• 16 Posts
Joined duela 2 urte
Cake day: abu. 24, 2020


So sad to see many women married to manchildren, men need to grow up.

Lol, imagine a company without a legal theme. This shit gets better by the day.

This is extremely sad.

I remember silence. It was good, but havent gotten any updates in like 2 years.

Most of websites are built on Wordpress, so thats a start.

There is a lot of JS around, but most websites have some Open Source foundation.

The same way you can get obsessed with… anything really.

At the time i was obssesed because many animes were so interesting and creative, and exciting.

Yo utilizo criptos con muy poco valor de comisión como Monero para usarla como Monedas.

La gente me sigue diciendo que invierta y haga trading, pero no me interesa, prefiero usarlas como verdaderas monedas, para pagar servicios en línea que de otra forma me serían imposibles, debido a que no tengo una tarjeta de crédito internacional, y esas son muy difíciles de conseguir en mi país.

Our reality is the real meme

Why can’t we have both?

And yet aren’t able to shut down all the CP on this fucking platform, just yesterday an idiot came into a group I manage openly asking for CP. If telegram is gonna use mass surveillance, at least make it useful god damn.

The US will push you to be homeless, and then jail you for that.

What the hell did i just read?

We know that has been happening for so long. Tho is kinda scary.

I know nothing about lol (except for the music wich is always dope) I tried to play many years ago but didnt go nowhere

Yet I absolutely love arcane. The animation, the story, everything is so fucking perfect. And I love Jinx, 100% transition goal.

I wanna know more about the lore, it looks so good

At this point they should just ask help to Anthony since Linus has no idea what he is doing. Although Luke is having a better experience and not too many complains. In a recent WAN show Luke said that he likes Linux mire for working since “it gets less in the way that windows”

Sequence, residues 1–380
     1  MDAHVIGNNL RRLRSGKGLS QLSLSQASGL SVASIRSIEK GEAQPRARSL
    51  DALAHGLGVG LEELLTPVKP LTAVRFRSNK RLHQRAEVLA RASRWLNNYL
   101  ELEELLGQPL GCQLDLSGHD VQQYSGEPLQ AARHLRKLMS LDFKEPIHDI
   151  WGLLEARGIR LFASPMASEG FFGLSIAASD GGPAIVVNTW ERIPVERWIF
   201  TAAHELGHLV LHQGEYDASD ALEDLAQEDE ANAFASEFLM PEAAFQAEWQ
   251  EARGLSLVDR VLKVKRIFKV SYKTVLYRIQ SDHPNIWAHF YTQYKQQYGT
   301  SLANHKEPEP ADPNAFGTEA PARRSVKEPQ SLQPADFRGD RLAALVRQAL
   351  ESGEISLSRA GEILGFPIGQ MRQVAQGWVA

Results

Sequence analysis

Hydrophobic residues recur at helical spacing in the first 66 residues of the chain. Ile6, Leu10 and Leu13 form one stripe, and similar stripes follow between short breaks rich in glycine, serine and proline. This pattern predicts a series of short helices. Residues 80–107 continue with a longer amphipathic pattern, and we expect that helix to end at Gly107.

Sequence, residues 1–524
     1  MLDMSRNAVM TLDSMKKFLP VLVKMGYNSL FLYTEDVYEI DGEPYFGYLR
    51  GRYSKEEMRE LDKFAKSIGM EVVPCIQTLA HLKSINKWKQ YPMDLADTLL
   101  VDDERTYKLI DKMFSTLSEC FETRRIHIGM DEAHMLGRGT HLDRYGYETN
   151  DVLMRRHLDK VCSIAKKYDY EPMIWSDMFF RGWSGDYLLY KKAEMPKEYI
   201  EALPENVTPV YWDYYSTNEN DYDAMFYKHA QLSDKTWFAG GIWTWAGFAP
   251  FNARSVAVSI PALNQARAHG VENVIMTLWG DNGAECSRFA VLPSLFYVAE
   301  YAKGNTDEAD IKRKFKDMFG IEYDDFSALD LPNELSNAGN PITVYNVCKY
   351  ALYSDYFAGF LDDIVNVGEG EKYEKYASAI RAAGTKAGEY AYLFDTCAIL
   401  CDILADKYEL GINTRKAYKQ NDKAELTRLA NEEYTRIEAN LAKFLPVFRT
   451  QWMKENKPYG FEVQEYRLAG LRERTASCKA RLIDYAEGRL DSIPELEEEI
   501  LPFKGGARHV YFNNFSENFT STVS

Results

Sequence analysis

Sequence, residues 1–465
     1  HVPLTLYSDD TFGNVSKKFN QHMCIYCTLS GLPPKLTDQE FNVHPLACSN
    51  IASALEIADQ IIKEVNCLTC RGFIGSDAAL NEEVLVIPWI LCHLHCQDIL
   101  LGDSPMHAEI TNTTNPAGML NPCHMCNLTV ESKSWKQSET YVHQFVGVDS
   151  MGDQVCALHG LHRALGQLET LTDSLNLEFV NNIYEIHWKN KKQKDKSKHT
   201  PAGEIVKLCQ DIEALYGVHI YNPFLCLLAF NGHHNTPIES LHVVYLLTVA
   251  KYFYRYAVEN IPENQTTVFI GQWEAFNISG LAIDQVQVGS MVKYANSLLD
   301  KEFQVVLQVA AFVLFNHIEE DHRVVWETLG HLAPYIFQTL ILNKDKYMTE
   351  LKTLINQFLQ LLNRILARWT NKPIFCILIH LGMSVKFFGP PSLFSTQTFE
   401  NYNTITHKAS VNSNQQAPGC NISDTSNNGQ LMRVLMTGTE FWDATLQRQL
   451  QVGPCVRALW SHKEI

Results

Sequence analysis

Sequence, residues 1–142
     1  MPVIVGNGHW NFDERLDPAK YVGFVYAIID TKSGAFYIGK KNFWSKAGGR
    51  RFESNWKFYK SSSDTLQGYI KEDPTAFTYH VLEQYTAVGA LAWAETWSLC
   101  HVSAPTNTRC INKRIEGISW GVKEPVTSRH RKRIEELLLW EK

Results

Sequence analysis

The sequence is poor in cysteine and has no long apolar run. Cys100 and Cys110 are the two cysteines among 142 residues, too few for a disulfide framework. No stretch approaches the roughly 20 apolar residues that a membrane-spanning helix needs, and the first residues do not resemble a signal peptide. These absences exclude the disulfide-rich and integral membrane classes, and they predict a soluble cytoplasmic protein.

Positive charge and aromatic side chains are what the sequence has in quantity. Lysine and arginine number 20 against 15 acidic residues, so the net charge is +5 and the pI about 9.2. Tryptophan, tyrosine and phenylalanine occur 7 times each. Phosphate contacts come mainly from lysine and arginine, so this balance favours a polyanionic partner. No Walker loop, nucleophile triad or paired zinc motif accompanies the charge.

• piracy.

I wont pay nothing. Popcorntime already gives you a Netflix like interface, or just put ur collection on Kodi and it looks great.

I watch Netflix from my sister’s account lol, I pirate everything else

Wait, then what about fucking ass? Will the dick disappear?

Is there some app that allows me to convert markdown to PDF on the go?
Hi. I use Joplin and quillnote to make notes on the go. But many times I need then as PDF. On the computer there in no problem but none of these allow me to export as PDF on my phone. Is there some app that allows me to do this?

What opinions you have on the Facebook Rebranding?
You think is Facebook trying to just wash their hands as Facebook itself will become part of a bigger conglomerate created by themselves?

Scribe.rip Open source Medium Front end
This is a recent toot from the creator: I've made an alternative frontend to Medium: https://scribe.rip If you, like me, are occasionally forced to read articles on medium.com, now you can read them on Scribe instead! Feedback welcome. @edwardloveall@mastodon.technology

Is Silence still maintained?
I wanted to install Silence, but fdroid says it was last updated 2 year ago. Is the project still alive and active? I remember using it a while ago and i really liked it. That's why i want to install it again.

What launcher you recommend the most on fdroid?
Hi. Im very happy right now with smart launcher. But I would like something fully open source. I want something minimal, but that allows me to have desktop pictures, because I make my own wallpapers. Also it would be good to create folders or apo categories. Thank you.

Do you think the fediverse has become a save space for radicals?